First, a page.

The Real Reason The Doobie Brothers Are Being Inducted Into The Rock And Roll Hall Of Fame

For fans of the '70s groove rockers The Doobie Brothers, the announcement that they were finally nominated as possible inductees to the Rock and Roll Hall of Fame was better late than never. After the nomination was announced in October 2019, co-founder and guitarist Tom Johnston told Billboard that he and the other brothers were "honored to be nominated." He said he spoke for the other guys in the band when he called it "rather odd" that it has taken the Rock Hall so long to recognize their contributions to music history. "But at the same time we don't take it for granted and we are honored to be nominated, and if we can just carry it all the way to getting in it would be awesome." Guitarist Patrick Simmons, the sole Brother to play with every iteration of the Doobies over the decades, said he'd been "wishing it would happen" for years: "So now at least we're getting the nomination and, damn, that means a lot to me."

Then in January, it was confirmed that they would indeed be able to carry it all the way. The Rock and Roll Hall of Fame announced that The Doobie Brothers would join the immortal ranks of rock royalty in 2020. The varied class of inductees that will enter the hall along with them includes T. Rex, Nine Inch Nails, The Notorious B.I.G., Whitney Houston, and Depeche Mode.

The Doobie Brothers were more than just a three-chord rock band

As Ultimate Classic Rock wrote upon The Doobie Brothers' nomination, the band that has gone through several different lineups has also reinvented itself to resounding success over the years. "They've been described as a 'biker band,' 'guitar-driving rock 'n' roll,' and a 'post hippie boogie band,'" said writer Nick Deriso.

Simmons later told UCR that the band's songs — from early hits like "China Grove" and "Listen to the Music" to the compositions of Michael McDonald, such as "Takin' It to the Streets" and "What a Fool Believes" — aren't simple "three-chord rock 'n' roll." He said the musicianship is "more subtle and more complicated," adding, "I wonder sometimes why people have been sometimes dismissive in terms of our contribution or those particular writers' contributions to the genre of modern music. I just think it's a little bit more significant. I mean, we've got No. 1 songs, Grammy Awards and so on."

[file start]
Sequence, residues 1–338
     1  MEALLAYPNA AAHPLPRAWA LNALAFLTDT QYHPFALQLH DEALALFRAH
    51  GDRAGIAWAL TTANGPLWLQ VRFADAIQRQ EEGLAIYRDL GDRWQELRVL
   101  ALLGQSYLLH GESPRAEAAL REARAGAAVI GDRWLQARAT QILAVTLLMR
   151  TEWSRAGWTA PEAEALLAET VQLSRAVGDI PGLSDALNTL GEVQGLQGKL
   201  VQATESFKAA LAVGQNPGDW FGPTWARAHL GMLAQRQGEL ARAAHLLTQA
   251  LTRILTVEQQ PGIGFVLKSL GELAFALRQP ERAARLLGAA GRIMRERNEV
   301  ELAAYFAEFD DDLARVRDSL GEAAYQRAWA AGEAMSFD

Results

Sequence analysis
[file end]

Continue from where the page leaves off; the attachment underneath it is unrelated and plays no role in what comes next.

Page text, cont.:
McDonald, who helped reinvent the Brothers' sound when he joined in 1975, told Newsweek in 2017 that after what began as a temporary gig became a permanent spot in the lineup, "it was pretty much a group metamorphosis." Rather than "fill the void, the great void" of Johnston, who had taken a medical leave, the band figured it best to "follow a musical path, whatever that is." It was a long path, for sure, but it finally led them to the Rock and Roll Hall of Fame.

The Doobie Brothers' fans have been calling for them to join rock royalty for years

This was the first time The Doobie Brothers were nominated for the Rock and Roll Hall of Fame, even though they've been eligible since 1996, and for their legions of fans, it was about time. Ultimate Classic Rock also reported that less than a week after the nominations were announced, nearly 120,000 Doobie Brothers fans had voiced their support for the band's induction into the Hall. They were second in the running at the time, just behind Pat Benatar, who ultimately didn't get selected, despite having over 132,000 fan votes of her own. Other groups who were popular with fans, but who didn't make it in this year, included Soundgarden, who had more than 116,000 votes at the time, and Judas Priest, with just over 97,000. Other artists up for nomination included the Dave Matthews Band, Motorhead, Thin Lizzy, Kraftwerk, MC5, Todd Rundgren, and Rufus, featuring Chaka Khan.

Johnston told Billboard that after the Doobies made the cut that fans had been asking for years when they were going to be inducted. "The fan support has been awesome," he said, "a huge part of everything." Fans had to wait a little longer yet, as the ceremony was postponed from its original date in May due to the coronavirus pandemic, but they'll finally get what they've been begging for when The Doobie Brothers are inducted into the Rock Hall on November 7.